By Chris Bach and The Third Way – The Next Generation in Reinforcement Training
In April, Chris provided tips for crate training your dog. This month, Chris discusses how to use her “Eye Contact Game” to teach a dog to wait at the door before rushing out. This is a very important training tip for all dog owners. By rehearsing calm behavior at the door, this will prevent unfortunate accidents that could occur should a pet rush out the door and into a dangerous situation.
There are three preliminary items to consider:
- Pup must want to get out the door. This desire can be created by having something Pup really wants such as another dog, a family member, a special friend, or his dinner dish on the other side of the door.
- The door utilized must be one that the entire family will be able to require Eye Contact AT ALL TIMES in order for the door to open and Pup be allowed through the threshold.
- This exercise is NOT introduced after Pup has been confined and needs to get out the door to relieve himself. Special time is set aside specifically to teach Eye Contact using THE DOOR METHOD
- Pup is brought to door. Door is closed but ajar and not shut.
- Trainer stands in front of door and waits silently for Pup to momentarily suspend all movement. Trainer immediately indicates (I) and then reinforces (R) by opening door and letting him out.
- After a few moments of affectionate interaction, Pup is brought back inside the door.
- Once again the door is closed but left ajar. Again wait silently for Pup to be perfectly still. As soon as this happens, I/R by opening the door and letting Pup out.
Once Pup Knows “Being Still” Opens the Door
- The above procedure is followed until one of two things happen:
- Either Pup tires of the game and no longer wants to find the “secret” to getting out the door. Instead he lies down, sits and/or ignores Trainer. Try moving slowly away from the door to renew the Pup’s interest. If this tactic works, wait one more time for Pup to be completely motionless, I/R by letting him out the door. Go on to something else. Trainer should wait to require Eye Contact until the next training session, but from now on Pup is required to be motionless in order to get out that door.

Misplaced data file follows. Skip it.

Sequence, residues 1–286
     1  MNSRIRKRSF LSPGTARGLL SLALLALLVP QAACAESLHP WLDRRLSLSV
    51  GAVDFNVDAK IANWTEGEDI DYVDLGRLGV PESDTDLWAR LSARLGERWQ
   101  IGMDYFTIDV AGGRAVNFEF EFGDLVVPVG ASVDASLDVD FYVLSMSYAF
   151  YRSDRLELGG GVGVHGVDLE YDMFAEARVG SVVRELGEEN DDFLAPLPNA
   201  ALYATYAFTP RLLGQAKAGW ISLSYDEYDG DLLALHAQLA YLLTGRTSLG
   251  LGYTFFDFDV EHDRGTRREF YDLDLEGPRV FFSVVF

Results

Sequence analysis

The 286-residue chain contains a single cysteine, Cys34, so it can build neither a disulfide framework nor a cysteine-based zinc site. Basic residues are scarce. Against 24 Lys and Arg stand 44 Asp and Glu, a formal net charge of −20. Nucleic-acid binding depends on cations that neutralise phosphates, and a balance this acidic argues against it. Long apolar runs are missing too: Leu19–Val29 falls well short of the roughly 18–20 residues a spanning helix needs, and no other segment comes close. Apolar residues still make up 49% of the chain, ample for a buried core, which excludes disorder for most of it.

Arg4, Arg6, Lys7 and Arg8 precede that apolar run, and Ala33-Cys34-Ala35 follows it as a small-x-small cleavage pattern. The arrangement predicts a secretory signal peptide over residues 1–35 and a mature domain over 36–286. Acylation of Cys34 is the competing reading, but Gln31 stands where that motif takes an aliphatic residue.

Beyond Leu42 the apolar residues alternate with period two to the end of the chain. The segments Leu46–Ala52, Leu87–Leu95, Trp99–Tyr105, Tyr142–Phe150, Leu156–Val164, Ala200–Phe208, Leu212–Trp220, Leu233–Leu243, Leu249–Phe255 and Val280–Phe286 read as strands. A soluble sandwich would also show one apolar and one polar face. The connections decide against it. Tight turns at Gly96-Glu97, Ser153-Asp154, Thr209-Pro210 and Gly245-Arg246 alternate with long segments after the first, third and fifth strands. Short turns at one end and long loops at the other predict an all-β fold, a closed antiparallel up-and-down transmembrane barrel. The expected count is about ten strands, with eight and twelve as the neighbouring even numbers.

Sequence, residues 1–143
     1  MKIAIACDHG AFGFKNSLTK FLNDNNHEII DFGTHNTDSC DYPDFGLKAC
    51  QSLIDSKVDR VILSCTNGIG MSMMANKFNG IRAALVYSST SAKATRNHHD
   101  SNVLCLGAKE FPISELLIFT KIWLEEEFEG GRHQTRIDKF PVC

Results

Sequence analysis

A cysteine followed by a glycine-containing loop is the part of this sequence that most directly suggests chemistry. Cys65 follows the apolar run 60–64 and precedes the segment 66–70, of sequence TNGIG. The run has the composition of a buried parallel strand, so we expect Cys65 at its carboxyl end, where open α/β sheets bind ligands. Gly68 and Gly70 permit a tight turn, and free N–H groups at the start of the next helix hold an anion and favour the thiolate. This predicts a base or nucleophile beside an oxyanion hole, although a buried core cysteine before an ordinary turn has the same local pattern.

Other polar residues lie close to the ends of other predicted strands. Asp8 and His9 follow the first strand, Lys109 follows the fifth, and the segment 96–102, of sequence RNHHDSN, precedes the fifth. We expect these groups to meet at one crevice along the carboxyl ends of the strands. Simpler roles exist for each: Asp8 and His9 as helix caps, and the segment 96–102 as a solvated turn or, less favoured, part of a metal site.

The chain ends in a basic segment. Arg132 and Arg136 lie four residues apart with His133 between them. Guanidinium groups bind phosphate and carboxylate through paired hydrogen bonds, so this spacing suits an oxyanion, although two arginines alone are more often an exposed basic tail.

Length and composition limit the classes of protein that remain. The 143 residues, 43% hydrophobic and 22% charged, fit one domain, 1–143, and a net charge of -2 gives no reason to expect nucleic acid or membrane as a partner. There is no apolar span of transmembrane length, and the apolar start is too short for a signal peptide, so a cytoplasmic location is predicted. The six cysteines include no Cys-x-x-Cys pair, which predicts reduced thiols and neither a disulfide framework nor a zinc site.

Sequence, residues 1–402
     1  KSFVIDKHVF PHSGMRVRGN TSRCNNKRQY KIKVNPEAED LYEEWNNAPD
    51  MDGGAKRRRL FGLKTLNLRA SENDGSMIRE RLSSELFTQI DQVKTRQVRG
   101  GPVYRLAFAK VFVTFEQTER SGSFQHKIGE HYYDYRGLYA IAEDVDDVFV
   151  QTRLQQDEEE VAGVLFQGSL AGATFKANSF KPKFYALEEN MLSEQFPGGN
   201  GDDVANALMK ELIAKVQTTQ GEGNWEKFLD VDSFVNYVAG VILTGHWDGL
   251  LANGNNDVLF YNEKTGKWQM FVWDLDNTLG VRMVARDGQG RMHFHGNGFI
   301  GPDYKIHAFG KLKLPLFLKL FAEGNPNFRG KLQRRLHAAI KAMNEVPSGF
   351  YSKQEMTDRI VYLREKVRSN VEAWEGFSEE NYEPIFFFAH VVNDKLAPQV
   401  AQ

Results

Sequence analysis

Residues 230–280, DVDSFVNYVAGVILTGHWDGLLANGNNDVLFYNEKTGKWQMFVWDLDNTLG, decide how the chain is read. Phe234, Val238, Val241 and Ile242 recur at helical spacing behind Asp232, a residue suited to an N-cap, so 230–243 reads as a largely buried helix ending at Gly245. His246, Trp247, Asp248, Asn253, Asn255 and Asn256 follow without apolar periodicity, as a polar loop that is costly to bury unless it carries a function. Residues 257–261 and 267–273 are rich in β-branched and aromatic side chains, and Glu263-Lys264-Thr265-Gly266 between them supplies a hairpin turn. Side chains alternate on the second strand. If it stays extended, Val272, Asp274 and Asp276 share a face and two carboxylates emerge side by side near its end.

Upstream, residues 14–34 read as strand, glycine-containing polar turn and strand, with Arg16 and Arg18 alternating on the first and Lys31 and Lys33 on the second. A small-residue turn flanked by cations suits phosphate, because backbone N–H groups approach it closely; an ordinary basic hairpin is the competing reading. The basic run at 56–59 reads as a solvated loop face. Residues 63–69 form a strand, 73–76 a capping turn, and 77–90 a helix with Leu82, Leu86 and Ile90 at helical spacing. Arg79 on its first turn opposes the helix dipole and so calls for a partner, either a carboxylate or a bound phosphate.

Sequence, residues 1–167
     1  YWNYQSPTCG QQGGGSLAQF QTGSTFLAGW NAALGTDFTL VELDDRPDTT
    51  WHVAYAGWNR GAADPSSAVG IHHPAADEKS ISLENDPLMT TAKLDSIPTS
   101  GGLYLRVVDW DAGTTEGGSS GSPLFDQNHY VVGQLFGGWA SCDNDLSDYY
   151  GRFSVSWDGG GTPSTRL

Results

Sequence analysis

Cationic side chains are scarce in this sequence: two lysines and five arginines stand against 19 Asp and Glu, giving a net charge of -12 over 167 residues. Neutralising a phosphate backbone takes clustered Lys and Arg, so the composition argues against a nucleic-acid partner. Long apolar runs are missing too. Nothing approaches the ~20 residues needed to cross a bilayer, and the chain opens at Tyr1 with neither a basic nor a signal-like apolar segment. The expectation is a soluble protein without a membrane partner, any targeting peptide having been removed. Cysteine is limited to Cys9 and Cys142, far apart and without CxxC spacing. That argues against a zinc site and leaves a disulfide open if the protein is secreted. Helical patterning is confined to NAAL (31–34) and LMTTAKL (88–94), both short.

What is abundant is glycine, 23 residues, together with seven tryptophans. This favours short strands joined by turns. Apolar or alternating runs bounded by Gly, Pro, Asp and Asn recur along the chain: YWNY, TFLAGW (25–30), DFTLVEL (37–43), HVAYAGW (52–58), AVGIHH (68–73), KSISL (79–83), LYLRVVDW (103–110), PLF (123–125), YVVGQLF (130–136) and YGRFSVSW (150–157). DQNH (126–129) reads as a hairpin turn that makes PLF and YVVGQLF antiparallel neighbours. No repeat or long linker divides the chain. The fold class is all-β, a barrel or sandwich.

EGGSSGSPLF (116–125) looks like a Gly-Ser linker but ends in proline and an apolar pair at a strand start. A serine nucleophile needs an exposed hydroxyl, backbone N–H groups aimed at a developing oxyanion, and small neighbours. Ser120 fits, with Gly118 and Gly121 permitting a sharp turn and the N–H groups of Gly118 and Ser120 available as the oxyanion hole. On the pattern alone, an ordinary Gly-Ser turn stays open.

- Or as soon as Pup is put back behind the door, he waits motionlessly and expectantly for Trainer to open the door. This strategy means that the Pup comprehends how to get the door opened. I/R this conclusion.
- Next step is to put the puppy back behind the door. This time wait for him to make Eye Contact. I/R immediately by letting him out when he is successful.
Once Pup Knows to Make Eye Contact to Open the Door
- Trainer must now determine if Pup is still enthusiastic enough about the game to do one or two sequences. Otherwise the best policy is to quit and go on to something else.
- Once the Eye Contact criteria has been reached, be sure there is at least one more training session practiced before Pup must get out that door to relieve himself. Doing this will assure Pup understands that Eye Contact will ALWAYS be required for that door to be opened. Do not get caught having to reduce criteria because Pup desperately needs to go out that door to relieve himself.
- Once Pup knows to make Eye Contact to get that door opened, ALWAYS require Eye Contact before opening the door, and ALWAYS “indicate” the moment the puppy commits to Eye Contact. Now reinforcement should be changed to a piece of food, a simple “YES!” followed by praise, or a pleasant physical stimulation such as a scratch on the chest. No longer use the immediate release.
- Require the puppy to maintain Eye Contact for varying amounts of time (working towards one minute, but never going below the count of 10) and use the word “OK” or “FREE” as the cue that the door is opening and the puppy can go out. (This will prepare the puppy for the PROOFING. These steps will include remaining in the sit position making Eye Contact even though the door is open until the trainer releases the dog to go out.)
- Once the puppy knows to make Eye Contact to get out the door, start using other methods, such as CRATE METHOD, DINNER DISH METHOD, which will be discussed in next month’s Training Tips column, and the FOOD CHOICE METHOD to rehearse Eye Contact as often as possible.
(c) THE THIRD WAY ~ Chris Bach ~ 2002. All rights reserved.
Even though this column was written as another method of teaching the Pup eye contact, using the DOOR METHOD is also a safety measure. By teaching your dog to sit patiently at the door, especially when the door is open, it is a preventative measure from your pet darting out of the house and into a potentially dangerous situation. Keep your pet safe. Practice the DOOR METHOD every time you take your dog outside.